Tag Archives: mark walls

Employee Concentration Impacting Workers' Compensation Renewals

Workers' compensation continues to be a challenged line, with historically poor results, a benign interest rate environment, and diminished prior year reserve redundancy. Another issue worth noting is the uncertainty around the potential 2014 extension of the Terrorism Risk Insurance Program Reauthorization Act (TRIPRA), which has heightened the focus on aggregation of workers' compensation risk.

Employee Concentration
For years, carriers have monitored workers' compensation exposure aggregations (their cumulative exposures in a geographic area) as a way of assessing the potential impact that an earthquake would have on their book of business. Such analysis has been commonplace in earthquake prone areas, such as California, for many years. However, after the September 11, 2001 terrorist attack, workers' compensation carriers and reinsurers immediately began to focus on employee concentration in large cities which were deemed high risk targets for terrorist events.

Insurance carriers continue to view risks from a concentration perspective — both on an individual accounts basis as well as the aggregate across their portfolio and correlated lines of business. Some carriers will decline a risk outright simply because they are “overlined” in a particular zip code or city. Or, the carrier might impose a surcharge on the premium for the use of their limited capacity for a particularly large workers' compensation risk.

Reinsurers similarly set a maximum amount of capacity they can offer in a particular geographic area and for catastrophic loss scenarios. Insurers purchase this capacity as one way to reduce their potential to incur an outsized catastrophic loss and manage their modeled worst case scenario within their financial risk tolerance.

To that end, catastrophic models have been developed. Catastrophic models allow carriers to gauge their potential exposures in a geographic area under a variety of different event scenarios that are either probabilistic or deterministic in nature. During the last 10 years, carriers have made adjustments to their books of business according to the output of these models to limit their potential exposure to terrorist events — sometimes across multiple product lines.

A unique consideration with workers' compensation over other insurance contracts is workers' compensation policies have statutory coverage (in this case being synonymous with unlimited) rather than a stated limit which could cap a carrier's liability for a certain loss. Given the statutory nature of the coverage, it is difficult for carriers to estimate their maximum exposure to workers' compensation.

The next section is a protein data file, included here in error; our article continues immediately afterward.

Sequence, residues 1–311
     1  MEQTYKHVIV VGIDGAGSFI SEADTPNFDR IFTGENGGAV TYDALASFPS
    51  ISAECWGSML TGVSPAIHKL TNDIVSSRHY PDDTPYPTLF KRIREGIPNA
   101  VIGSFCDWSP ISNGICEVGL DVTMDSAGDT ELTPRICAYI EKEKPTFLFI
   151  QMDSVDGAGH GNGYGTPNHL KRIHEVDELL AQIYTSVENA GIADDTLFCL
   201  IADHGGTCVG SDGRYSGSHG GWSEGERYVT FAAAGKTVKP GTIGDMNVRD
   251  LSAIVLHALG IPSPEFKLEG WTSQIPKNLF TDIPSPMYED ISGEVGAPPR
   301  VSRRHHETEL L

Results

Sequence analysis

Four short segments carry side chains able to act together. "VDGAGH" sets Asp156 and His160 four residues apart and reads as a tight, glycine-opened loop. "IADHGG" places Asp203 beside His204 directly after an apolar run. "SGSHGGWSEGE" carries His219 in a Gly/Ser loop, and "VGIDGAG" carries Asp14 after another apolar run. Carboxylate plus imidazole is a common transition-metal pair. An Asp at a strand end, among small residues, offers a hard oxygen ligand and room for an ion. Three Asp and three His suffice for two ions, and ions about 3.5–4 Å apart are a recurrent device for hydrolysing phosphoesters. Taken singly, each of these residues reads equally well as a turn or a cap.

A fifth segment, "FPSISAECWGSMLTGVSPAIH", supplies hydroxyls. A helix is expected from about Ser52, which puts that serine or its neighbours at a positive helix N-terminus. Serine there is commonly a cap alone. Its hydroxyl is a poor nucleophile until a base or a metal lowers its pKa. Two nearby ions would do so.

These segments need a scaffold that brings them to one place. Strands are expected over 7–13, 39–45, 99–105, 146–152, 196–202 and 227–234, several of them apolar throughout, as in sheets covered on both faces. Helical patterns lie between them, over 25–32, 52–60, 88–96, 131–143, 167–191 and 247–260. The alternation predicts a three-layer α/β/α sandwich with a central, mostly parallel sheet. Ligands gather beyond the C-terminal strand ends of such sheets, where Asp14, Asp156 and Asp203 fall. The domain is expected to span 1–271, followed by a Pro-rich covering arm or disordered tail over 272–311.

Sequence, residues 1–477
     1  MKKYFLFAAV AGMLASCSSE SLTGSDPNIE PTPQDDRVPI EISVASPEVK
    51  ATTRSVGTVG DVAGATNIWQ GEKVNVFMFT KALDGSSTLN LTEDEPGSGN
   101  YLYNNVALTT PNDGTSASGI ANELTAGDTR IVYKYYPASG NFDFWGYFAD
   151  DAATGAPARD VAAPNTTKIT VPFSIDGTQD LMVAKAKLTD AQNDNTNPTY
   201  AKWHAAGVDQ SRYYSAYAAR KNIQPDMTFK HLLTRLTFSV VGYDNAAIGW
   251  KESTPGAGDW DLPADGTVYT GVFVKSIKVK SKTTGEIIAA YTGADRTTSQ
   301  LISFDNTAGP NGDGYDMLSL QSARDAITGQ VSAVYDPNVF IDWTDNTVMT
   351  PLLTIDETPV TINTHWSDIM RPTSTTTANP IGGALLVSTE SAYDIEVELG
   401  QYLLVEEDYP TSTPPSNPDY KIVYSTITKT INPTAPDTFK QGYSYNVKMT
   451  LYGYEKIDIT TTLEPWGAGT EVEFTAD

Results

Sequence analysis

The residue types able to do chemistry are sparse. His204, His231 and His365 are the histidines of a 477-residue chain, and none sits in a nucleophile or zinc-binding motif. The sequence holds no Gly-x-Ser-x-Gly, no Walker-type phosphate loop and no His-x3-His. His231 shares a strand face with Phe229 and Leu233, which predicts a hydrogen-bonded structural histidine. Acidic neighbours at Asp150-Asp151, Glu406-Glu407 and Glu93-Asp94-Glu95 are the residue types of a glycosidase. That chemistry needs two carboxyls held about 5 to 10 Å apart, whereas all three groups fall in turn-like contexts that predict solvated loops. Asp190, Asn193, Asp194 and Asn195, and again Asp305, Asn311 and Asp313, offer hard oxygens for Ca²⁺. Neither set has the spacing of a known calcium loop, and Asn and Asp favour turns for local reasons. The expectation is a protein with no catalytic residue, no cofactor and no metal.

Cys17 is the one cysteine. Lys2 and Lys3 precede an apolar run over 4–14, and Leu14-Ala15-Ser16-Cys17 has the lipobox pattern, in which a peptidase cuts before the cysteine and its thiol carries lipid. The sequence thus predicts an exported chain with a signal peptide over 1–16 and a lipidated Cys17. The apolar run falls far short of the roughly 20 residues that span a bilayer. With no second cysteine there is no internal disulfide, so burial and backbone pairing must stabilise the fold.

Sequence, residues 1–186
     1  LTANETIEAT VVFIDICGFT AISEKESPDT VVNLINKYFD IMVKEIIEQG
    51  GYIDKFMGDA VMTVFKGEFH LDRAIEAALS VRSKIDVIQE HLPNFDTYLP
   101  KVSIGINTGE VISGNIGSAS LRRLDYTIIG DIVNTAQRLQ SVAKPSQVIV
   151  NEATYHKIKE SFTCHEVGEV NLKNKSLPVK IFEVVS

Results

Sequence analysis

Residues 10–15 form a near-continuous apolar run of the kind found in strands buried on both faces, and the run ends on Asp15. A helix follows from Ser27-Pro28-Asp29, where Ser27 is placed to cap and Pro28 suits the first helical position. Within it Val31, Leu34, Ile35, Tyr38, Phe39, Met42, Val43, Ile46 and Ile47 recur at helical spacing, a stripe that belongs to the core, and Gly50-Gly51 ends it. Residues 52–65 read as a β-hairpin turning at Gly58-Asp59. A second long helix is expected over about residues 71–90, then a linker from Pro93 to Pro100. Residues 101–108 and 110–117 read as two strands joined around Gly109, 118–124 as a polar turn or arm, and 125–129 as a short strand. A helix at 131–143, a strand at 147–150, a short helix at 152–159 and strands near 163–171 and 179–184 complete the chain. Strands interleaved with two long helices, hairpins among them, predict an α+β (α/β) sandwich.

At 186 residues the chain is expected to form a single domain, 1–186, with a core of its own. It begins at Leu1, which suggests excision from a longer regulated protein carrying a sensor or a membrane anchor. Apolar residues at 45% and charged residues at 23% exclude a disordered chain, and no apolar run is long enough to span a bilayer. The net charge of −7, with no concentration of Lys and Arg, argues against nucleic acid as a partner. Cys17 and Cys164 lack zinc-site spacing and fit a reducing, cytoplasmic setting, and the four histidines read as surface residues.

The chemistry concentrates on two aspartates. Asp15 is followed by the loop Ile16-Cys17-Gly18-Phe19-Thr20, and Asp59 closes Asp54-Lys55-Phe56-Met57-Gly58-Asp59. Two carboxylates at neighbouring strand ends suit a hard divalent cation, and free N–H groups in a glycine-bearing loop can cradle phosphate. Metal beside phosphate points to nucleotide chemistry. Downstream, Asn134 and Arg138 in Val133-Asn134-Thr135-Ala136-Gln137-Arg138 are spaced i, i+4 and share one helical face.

The issue of employee aggregation affects any employer with a large number of employees in a single location, but is highlighted in industries such as financial institutions, hospitals, defense contractors, higher education, hotels, professional services, and nuclear.

Impact Of Pending TRIPRA Expiration
Because of the significant financial impact of the September 11 terrorist attacks, Congress created the Federal Terrorism Risk Insurance Act (TRIA) to provide a financial backstop to the insurance industry that would cap losses in the event of another large-scale terrorist event. The Act was initially set to expire at the end of 2005, but because of the ongoing risk of terrorism, and the reliance on it by insurance carriers, it has been extended several times. It is now set to expire on December 31, 2014.

When most people think of TRIA/TRIPRA, they think of the property insurance marketplace. Without this backstop in place, many high-profile properties would not be insurable in the commercial marketplace. However, workers' compensation is also deeply impacted, as there are large amounts of people working in highly concentrated areas.

Although the expiration of the Terrorism Risk Insurance Program Reauthorization Act is almost two years away, the impact of this is already being seen in the marketplace. Employers in certain industries, employers with large employee concentrations, or in certain cities can expect less available capacity with some carriers scaling because of the increased exposure to their balance sheet created by losing some or all of the protections provided under the Federal Terrorism Risk Insurance Act. This trend has the potential to escalate and broaden as we get closer to the TRIPRA expiration date.

In addition, more employers may face increased rates for their workers' compensation coverage because of the combination of less competition and capacity, as well as an increased potential exposure for the carriers. If a policy is being issued that provides coverage beyond the TRIPRA expiration date, and the future of the legislation is not known, carriers will likely price this under the assumption those protections will be allowed to sunset or may be significantly modified.

What To Expect At Renewal
When faced with a potentially challenging renewal and one that may be impacted by this issue, what can you do? We recommend starting the renewal process early, at least 120 days (or more) prior to the policy or program effective date. In the case of Marsh, we will work with you to develop a communications strategy and presentation tactic around all key risk exposures, including modeling and risk analytics in support of your renewal objectives.

For carrier presentations and Q-and-A, insureds must be thoroughly conversant with details of exposures and operations; mergers, acquisitions, and divestitures; loss trends, safety programs, and risk management practices; and future plans, to the extent that they can be shared publicly.

We will help you be familiar with respective insurers' cost of capital and pricing strategy — understanding how carriers evaluate your firm's experience and risk profile, and how they initially develop rates and premiums.

High quality data differentiates employers in the eyes of insurance carriers. In today's environment, it is imperative that organizations provide underwriters with complete, accurate, and thorough data and analysis in order to differentiate their risk profile.

There has already been a significant increase in questions that carriers are asking at renewal that focus on the risks associated with a potential terrorist event. Employers with a large concentration of workers, especially those in major metropolitan areas, should be prepared to provide the following details to carriers:

  • Information on employee marital/dependency status.
  • Employee telecommuting/hospitality practices and impact on concentration.
  • Physical security of the building including information about guards, surveillance cameras, parking areas, HVAC protections.
  • How access to the building is controlled.
  • Construction of the building and location of the offices.
  • Management policies around workplace violence, weapons, and employment screening.
  • Employee security procedures.
  • Emergency response/crisis management plan.